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    If there is one thing this forum taught me, its to actually develop a system to support a strategy of investment in shares thats aligned with your personality. That sounds sort of self evident, but having the discipline to really follow a system for a strategy is harder than it sounds. I found for myself that writing down my thought processes on share selection helped.

    ASF is a goldmine for help in learning how to invest in the share market, whatever style of investing you adopt, there are experienced investors that will support and challenge you on your journey.

    If you are up for it, a bit of reading about the psychology of investing is something I would recommend. http://www.valueplays.net/2013/03/18/the-psychology-of-human-misjudgement-charlie-munger/

    Good luck on your journey!
     
  6. Gringotts Bank

    Gringotts Bank

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    You don't need both. TA can certainly be used alone. FA would benefit from at least a basic TA knowledge, but some people seem to be ok without that.

    For FA, type some of the following key words to search ASF threads: value, fundamental, financial, balance sheet, etc.

    In terms of psychology, you won't know where you stand until you start trading. Some people have great mindsets before they even start (due to a range of of historical psych. factors) and so they don't need to tweak anything at all. Most others do need to do the work.
     
  7. topdog

    topdog

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    starting to read a lot about the psychology side of things in trading ....

    any courses /books anyone can recommend ???

    and not the courses that flog to buy there system bla bla bla bla
     
  8. burglar

    burglar

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    I don't read much, but did skim read titles of the ASX Reports for a decade.
    I opened many out of curiosity.

    FWIW I think you are doin' Ok
     
  9. ROE

    ROE

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    +1 every man and his dog out there telling you how to make money on the market and they all preach the same stuff :) what you need to do is get the basic principles and come up with your own way of making money...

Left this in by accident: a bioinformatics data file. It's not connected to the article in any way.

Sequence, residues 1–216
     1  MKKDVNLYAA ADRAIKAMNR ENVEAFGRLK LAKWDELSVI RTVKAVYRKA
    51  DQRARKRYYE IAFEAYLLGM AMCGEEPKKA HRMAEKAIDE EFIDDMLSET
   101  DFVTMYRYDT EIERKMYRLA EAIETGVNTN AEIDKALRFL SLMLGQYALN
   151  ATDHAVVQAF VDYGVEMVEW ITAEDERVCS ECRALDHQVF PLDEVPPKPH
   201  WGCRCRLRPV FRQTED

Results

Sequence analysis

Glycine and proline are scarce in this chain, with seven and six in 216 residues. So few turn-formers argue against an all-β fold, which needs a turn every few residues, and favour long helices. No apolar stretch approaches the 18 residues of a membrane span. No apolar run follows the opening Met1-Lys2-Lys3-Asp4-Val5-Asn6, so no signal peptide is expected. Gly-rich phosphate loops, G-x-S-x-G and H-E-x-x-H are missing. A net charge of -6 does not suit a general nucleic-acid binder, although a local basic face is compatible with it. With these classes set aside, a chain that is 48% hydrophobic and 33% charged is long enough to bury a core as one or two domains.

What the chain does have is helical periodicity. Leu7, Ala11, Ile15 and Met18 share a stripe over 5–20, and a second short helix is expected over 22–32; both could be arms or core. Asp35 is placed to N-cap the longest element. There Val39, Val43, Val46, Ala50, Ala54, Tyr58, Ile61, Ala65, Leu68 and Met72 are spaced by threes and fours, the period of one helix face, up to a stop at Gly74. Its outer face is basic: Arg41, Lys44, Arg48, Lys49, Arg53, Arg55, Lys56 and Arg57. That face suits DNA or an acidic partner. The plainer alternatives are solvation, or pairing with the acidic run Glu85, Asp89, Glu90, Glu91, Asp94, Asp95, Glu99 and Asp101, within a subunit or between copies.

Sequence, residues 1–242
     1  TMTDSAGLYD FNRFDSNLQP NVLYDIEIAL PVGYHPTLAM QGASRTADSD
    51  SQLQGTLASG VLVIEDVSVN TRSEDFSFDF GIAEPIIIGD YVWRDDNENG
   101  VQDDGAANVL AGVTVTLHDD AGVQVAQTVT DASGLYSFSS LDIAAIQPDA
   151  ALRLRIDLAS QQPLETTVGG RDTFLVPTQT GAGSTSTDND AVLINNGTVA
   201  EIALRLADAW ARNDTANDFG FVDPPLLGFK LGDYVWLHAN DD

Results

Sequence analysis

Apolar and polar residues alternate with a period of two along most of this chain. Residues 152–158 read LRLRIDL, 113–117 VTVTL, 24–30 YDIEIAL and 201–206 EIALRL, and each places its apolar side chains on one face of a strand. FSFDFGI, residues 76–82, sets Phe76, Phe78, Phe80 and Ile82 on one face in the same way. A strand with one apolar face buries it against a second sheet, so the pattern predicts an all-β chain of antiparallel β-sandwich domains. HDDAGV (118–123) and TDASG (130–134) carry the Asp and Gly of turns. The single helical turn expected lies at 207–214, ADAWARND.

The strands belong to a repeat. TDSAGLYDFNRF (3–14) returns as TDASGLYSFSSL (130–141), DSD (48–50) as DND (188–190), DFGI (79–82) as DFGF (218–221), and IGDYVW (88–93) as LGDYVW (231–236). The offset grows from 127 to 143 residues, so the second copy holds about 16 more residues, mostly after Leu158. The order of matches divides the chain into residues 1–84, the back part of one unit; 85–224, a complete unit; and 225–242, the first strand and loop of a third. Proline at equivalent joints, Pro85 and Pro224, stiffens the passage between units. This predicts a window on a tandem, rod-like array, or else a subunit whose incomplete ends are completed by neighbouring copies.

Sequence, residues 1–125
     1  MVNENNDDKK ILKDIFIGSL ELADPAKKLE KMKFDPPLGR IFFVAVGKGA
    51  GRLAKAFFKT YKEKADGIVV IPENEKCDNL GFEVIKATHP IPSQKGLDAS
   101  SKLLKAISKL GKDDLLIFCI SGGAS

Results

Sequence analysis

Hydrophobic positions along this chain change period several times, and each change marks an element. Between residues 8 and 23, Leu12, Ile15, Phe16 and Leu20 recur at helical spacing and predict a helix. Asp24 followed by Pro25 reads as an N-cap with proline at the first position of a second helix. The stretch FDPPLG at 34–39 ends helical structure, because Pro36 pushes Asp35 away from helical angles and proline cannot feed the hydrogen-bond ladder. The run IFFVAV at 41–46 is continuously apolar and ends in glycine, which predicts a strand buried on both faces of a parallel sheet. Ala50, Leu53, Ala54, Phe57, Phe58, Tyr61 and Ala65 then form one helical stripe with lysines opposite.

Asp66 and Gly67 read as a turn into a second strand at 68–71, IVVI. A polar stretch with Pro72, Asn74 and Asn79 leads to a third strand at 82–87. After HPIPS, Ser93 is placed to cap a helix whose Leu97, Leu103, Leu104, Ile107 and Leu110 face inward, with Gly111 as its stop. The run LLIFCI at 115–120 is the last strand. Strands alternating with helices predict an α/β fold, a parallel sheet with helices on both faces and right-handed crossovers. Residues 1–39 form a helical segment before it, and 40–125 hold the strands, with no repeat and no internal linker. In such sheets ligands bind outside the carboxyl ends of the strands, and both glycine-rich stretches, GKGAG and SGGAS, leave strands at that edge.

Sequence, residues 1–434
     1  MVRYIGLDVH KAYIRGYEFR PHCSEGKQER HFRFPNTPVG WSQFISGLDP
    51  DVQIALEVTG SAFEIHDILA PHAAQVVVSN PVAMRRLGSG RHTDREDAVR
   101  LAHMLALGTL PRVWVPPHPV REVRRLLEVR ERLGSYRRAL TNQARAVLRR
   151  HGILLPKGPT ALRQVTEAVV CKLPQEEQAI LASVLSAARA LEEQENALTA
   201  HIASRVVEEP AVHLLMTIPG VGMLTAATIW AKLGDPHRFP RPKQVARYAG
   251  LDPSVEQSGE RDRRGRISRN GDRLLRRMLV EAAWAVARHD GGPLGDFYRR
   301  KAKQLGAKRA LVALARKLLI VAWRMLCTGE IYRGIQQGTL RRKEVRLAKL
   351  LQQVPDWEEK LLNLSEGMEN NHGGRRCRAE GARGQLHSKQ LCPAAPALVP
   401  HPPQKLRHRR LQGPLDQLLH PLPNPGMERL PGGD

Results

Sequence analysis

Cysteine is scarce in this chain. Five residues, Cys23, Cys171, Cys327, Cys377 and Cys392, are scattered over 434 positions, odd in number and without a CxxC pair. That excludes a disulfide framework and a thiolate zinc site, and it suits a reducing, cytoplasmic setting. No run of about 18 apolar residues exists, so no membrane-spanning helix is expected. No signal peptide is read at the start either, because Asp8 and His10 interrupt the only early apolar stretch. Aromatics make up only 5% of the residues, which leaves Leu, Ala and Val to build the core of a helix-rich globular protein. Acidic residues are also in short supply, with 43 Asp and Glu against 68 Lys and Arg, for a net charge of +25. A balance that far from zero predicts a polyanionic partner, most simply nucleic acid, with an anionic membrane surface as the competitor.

if you take TA, learn how TA works and work out TA signals that you will act on it and same with FA
    sort out the information you want to take in and act on it and have conviction that what you done is to
    your best ability and you can look at the market each day and smile even if it went against you.

    One day you get more right than wrong.

    Investing is like exercise, everyone will tell you how to diet and get fit but the one that really fit are the one
    that work out a routine that their body can take and fit in with their daily life :)

    every year some dude comes up with some diet or exercise system where it really works for someone
    you read in the paper :D

    I just run and walk three or four times a week, year in year out never change to any new super duper system
    and hasn't has a sick day for a long long time and last time I check no Cholesterol, no High blood pressure, No diabetes and I eat anything in moderation, love a steak with a bit of fat, chips, KFC, Pizza, burgers and the professional tell me dont eat this stuff :D

    and you should have been here when GFC hits, all the professional said buy and hold stocks doesn't work any more
     
  10. topdog

    topdog

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    thx again for all the extra input guys.....

    still no replies about what books to read or about any courses ....

    im after books that explain how the stock market works all the abreviations of terms etc

    and courses for the same im trying to gain a better understanding of the basic fundamentals of different words there meanbings etc before I dive in whole heartedly coz when I do something I do it properly !!

    so please any books or courses info is appreciated

    im liking the gann book 45 years on wall st ??
     
  11. ROE

    ROE

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  12. Julia

    Julia In Memoriam

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    You'll probably find much of what you're looking for on the ASX website:
    http://www.asx.com.au/

    Go to the Education link which then has multiple sub-sections, including a glossary.